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ARTS & ENTERTAINMENT

Obsession Drives Batman

Batman Begins
stars
The Dark Knight
stars
The Dark Knight Rises
stars
Starring Christian Bale, Anne
Hathaway, Michael Caine

DANCE OF IRE: Bruce Wayne (Chirstian Bale) falls for Selina Kyle (Anne Hathaway) and her trap in “The Dark Knight Rises.” Courtesy photo

It’s hard to look at ‘the dark Knight Rises’ without addressing the previous installments, since this is part of a grand trilogy in the works for seven years. I liked “Batman Begins,” but I didn’t love it. I thought it was a well-made film with some questionable choices—the biggest being the casting of Katie Holmes, which made it extremely difficult to take seriously. In a movie about a guy who dresses up like a bat to fight crime, one wouldn’t think the least credible thing in it would be the actress playing the female lead. But high holy hell! She was terrible.

“The Dark Knight,” on the other hand, was perfection. The origin of the story was out of the way, so filmmakers could introduce the character’s most iconic villain, The Joker, and create a crime drama about the choice between order and anarchy. Nolan re-cast Holmes with the far more tolerable Maggie Gyllenhaal, built off the strong foundation he erected in the first film, and delivered the finest piece of comic-book cinema ever made. “The Dark Knight Rises” falls somewhere between “Batman Begins” and “The Dark Knight.” Don’t get me wrong: It’s a fantastic film—an amazing summer blockbuster! It continues to take a very grounded approach to pop culture’s favorite bat.
At the end of the last film, Batman (Christian Bale) takes the fall for some murders to save the legacy of Harvey Dent. Commissioner Gordon (Gary Oldman) uses the death of Dent and the vilification of Batman to get tougher crime laws passed, which ushers in an eight-year crackdown, cleaning up Gotham for the first time. This more peaceful Gotham doesn’t need Batman. Without a cause, Bruce Wayne goes into an eight-year exile, leaving his company, his body and his mind in shambles. His longtime guardian Alfred (Michael Caine) seems desperate to get Bruce back into the world, and his reintegration into society comes in the form of a clever and attractive thief, Selina Kyle (Anne Hathaway). Basically, a boner gets Batman back into the game.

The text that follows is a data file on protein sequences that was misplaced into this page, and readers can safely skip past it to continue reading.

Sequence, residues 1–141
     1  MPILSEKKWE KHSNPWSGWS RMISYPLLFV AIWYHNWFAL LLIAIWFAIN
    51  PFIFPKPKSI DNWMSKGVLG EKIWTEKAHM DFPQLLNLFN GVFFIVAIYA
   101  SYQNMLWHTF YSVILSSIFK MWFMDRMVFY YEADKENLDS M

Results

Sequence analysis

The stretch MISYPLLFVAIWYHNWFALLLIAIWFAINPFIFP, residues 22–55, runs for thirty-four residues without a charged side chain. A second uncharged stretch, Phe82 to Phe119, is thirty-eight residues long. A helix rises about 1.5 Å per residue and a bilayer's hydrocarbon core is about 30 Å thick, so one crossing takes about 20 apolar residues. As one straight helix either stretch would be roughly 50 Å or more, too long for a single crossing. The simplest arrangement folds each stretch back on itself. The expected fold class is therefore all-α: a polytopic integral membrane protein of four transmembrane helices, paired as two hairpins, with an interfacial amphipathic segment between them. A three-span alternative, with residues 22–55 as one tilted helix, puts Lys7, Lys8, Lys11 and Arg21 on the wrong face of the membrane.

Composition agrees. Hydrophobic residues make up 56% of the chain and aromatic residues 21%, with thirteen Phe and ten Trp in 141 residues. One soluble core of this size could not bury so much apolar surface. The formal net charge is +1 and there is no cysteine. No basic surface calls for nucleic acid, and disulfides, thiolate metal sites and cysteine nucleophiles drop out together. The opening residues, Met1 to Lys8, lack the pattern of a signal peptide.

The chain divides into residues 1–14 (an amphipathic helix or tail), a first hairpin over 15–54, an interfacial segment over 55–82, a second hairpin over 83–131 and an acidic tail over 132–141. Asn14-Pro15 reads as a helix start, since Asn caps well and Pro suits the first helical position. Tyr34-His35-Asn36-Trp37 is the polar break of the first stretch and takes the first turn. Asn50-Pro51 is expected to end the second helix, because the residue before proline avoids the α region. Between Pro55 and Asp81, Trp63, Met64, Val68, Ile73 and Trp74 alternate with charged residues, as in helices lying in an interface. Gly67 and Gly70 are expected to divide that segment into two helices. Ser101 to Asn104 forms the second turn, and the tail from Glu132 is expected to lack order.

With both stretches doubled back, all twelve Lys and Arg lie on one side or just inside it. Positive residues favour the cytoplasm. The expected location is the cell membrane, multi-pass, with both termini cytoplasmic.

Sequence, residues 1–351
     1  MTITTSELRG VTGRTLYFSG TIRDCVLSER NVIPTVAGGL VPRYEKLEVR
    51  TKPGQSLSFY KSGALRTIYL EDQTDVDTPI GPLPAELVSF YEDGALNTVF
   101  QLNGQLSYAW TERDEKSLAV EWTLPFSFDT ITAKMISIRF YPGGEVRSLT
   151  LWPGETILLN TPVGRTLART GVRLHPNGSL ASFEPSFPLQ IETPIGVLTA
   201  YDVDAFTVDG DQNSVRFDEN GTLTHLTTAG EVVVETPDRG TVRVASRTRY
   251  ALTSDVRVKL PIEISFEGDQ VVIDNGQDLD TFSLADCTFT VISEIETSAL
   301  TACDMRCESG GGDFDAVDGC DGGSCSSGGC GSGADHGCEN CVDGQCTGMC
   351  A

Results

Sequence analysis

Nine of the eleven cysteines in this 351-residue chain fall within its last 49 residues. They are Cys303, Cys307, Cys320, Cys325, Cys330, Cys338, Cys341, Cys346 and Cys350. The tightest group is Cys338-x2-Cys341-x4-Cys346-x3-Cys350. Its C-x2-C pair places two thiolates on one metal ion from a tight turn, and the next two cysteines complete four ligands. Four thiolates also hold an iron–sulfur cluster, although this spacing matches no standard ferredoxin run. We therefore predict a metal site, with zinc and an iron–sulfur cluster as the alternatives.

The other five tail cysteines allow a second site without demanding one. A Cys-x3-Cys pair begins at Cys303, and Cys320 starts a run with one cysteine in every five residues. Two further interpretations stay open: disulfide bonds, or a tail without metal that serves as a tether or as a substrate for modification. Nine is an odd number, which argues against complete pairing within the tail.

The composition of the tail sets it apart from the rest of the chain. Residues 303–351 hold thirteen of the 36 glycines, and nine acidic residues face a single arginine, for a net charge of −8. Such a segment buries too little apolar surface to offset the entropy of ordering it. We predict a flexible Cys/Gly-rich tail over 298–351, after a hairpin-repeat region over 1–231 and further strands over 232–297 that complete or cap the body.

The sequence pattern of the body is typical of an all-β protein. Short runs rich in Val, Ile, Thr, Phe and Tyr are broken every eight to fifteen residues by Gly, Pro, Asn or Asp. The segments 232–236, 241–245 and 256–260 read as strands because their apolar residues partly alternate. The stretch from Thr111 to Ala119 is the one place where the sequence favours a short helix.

Selina is super hot and something of an armchair sociologist. She justifies stealing from the rich as an act of protest. Bruce Wayne represents the elite one percent who have lived in their ivory towers for far too long, the very target of her ire. Selina is merely a distraction. The real threat is a murderous mercenary named Bane (Tom Hardy), who plans on leveling Gotham and destroying Batman. He’s a super intelligent, robot-voiced killing machine—a physical threat that Batman has never had to face. After being out of the game for eight years, Batman’s not exactly in peak physical condition.

Like Nolan’s previous films, “The Dark Knight Rises” is a large, sweeping story, packed to the brim with compelling characters. It tries to introduce some larger ideas to a genre of film not exactly known for intelligence. “Batman Begins” ultimately tackled the concept of choosing justice over vengeance. It introduced an idea that Batman must adhere to a higher standard.